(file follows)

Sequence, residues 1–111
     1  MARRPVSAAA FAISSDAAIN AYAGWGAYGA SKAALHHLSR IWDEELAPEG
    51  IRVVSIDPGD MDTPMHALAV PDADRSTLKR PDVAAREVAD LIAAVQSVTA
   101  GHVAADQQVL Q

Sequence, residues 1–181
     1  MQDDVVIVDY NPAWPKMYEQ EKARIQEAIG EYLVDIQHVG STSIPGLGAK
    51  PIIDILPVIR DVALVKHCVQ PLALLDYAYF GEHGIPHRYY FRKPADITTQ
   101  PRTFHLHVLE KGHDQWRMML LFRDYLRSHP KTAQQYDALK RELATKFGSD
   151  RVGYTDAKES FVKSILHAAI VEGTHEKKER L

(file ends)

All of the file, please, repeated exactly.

Sequence, residues 1–111
     1  MARRPVSAAA FAISSDAAIN AYAGWGAYGA SKAALHHLSR IWDEELAPEG
    51  IRVVSIDPGD MDTPMHALAV PDADRSTLKR PDVAAREVAD LIAAVQSVTA
   101  GHVAADQQVL Q

Sequence, residues 1–181
     1  MQDDVVIVDY NPAWPKMYEQ EKARIQEAIG EYLVDIQHVG STSIPGLGAK
    51  PIIDILPVIR DVALVKHCVQ PLALLDYAYF GEHGIPHRYY FRKPADITTQ
   101  PRTFHLHVLE KGHDQWRMML LFRDYLRSHP KTAQQYDALK RELATKFGSD
   151  RVGYTDAKES FVKSILHAAI VEGTHEKKER L